See also: spéculation
From Middle English speculacioun, speculation, from Old French speculation (compare French spéculation), from Late Latin speculātiō, speculātiōnem, from Latin speculor. Morphologically speculate + -ion
- (obsolete) The faculty of sight.
- (obsolete) An act of looking at something; examination, observation.
- 1792, Charlotte Smith, Desmond, Broadview, published 2001, page 115:
- [T]he expression of exultation and content on their animated faces, is one of my most delicious speculations.
- The process or act of thinking or meditating on a subject.
- 1726 October 28, [Jonathan Swift], “The Humours and Dispositions of the Laputians Described. […]”, in Travels into Several Remote Nations of the World. […], volume II, London: […] Benj[amin] Motte, […], →OCLC, part III (A Voyage to Laputa, Balnibarbi, Glubbdubdribb, Luggnagg, and Japan), pages 16–17:
- It ſeems, the Minds of theſe People are ſo taken up with intenſe Speculations, that they neither can ſpeak, nor attend to the Diſcourſes of others, without being rouzed by ſome external Taction upon the Organs of Speech and Hearing; for which reaſon, thoſe Perſons who are able to afford it always keep a Flapper (the Original is Climenole) in their Family, as one of their Domeſticks, nor ever walk abroad or make Viſits without him.
- 2012 December 3, Caroline Davies, The Guardian:
- The Duke and Duchess of Cambridge have ended months of intense speculation by announcing they are expecting their first child, but were forced to share their news earlier than hoped because of the Duchess's admission to hospital on Monday.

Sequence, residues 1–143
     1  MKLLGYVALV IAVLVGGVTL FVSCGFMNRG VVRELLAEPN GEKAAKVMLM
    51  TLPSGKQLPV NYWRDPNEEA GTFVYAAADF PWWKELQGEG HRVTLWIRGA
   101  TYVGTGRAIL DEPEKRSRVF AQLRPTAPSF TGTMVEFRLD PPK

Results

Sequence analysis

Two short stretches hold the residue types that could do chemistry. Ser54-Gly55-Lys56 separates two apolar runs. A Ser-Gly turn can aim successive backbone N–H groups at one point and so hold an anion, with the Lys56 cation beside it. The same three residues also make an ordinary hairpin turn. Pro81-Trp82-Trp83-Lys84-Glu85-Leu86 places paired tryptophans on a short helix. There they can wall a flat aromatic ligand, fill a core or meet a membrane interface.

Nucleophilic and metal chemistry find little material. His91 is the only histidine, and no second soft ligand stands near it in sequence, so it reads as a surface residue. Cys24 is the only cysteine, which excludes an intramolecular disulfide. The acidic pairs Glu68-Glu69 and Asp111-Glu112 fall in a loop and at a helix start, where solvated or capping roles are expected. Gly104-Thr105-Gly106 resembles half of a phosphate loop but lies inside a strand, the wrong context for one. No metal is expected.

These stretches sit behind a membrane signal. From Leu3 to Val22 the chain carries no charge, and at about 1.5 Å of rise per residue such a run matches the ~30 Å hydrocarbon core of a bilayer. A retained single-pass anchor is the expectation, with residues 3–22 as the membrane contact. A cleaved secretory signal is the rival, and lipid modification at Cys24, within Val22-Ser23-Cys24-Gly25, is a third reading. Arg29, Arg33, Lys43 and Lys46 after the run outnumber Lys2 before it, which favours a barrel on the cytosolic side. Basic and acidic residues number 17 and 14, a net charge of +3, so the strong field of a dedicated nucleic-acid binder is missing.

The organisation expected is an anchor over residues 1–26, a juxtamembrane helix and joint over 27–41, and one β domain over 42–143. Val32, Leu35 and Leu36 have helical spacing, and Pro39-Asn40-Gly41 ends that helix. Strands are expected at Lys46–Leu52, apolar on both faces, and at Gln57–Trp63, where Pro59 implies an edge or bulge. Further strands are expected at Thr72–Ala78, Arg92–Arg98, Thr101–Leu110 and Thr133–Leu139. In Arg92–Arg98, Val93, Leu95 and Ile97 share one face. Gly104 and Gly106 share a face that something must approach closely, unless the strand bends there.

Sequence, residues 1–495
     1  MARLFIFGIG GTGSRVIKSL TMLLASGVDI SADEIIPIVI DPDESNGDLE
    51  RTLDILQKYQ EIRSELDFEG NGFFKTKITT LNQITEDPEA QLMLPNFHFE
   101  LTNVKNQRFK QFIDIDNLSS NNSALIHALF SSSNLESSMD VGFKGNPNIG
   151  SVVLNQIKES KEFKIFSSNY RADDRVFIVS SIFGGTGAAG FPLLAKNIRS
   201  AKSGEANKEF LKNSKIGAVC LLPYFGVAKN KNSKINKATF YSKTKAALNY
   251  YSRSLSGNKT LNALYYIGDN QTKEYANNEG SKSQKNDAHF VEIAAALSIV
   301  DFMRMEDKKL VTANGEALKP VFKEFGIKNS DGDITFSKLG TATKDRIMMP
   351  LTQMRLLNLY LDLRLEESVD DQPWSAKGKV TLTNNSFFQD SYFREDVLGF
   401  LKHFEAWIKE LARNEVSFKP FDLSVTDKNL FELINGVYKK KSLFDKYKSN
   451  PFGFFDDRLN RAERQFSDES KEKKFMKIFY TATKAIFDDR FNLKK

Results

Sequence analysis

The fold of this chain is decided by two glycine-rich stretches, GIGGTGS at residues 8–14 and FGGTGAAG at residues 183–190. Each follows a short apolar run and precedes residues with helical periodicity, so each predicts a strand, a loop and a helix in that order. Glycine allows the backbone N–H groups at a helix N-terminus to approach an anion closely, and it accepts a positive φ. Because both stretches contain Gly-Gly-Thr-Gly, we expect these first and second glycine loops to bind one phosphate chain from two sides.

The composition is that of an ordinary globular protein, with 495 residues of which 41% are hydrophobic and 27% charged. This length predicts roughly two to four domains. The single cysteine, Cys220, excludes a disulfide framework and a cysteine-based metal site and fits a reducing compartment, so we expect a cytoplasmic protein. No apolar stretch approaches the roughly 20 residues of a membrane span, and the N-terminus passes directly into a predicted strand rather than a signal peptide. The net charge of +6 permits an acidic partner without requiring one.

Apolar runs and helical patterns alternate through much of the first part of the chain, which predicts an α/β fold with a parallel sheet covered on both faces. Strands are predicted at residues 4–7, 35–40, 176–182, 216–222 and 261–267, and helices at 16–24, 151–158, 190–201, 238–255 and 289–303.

- (philosophy) The act or process of reasoning a priori from premises given or assumed.
- A conclusion to which the mind comes by speculating; mere theory; notion; conjecture.
- 1690, William Temple, “An Essay upon the Ancient and Modern Learning”, in Miscellanea. The Second Part. [...], 2nd edition, London: […] J. R. for Ri[chard] and Ra[lph] Simpson, […], →OCLC, page 23:
- 1849–1861, Thomas Babington Macaulay, chapter 19, in The History of England from the Accession of James the Second, volumes (please specify |volume=I to V), London: Longman, Brown, Green, and Longmans, →OCLC:
- To his speculations on these subjects he gave the lofty name of the "Oracles of Reason".
- (business, finance) An investment involving higher-than-normal risk in order to obtain a higher-than-normal return.
- The act or practice of buying land, goods, shares, etc., in expectation of selling at a higher price, or of selling with the expectation of repurchasing at a lower price; a trading on anticipated fluctuations in price, as distinguished from trading in which the profit expected is the difference between the retail and wholesale prices, or the difference of price in different markets.
- 1883, Francis Amasa Walker, Political Economy:
- Speculation, while confined within moderate limits, is the agent for equalizing supply and demand, and rendering the fluctuations of price less sudden and abrupt than they would otherwise be.
- A card game in which the players buy from one another trumps or whole hands, upon a chance of getting the highest trump dealt, which entitles the holder to the pool of stakes.
- (programming) The process of anticipating which branch of code will be chosen and executing it in advance.
- See also Thesaurus:supposition
Derived terms edit
- "on speculation" (on spec) Creating a work with the hope of selling it, as opposed to creating a work "on commission" for hire.
process of thinking or meditation
philosophy: act or process of reasoning from premises given or assumed
judgment or conclusion reached by speculating
business, finance: investment involving higher-than-normal risk
act or practice of investing in expectation of making a profit from future price changes
- The translations below need to be checked and inserted above into the appropriate translation tables. See instructions at Wiktionary:Entry layout § Translations.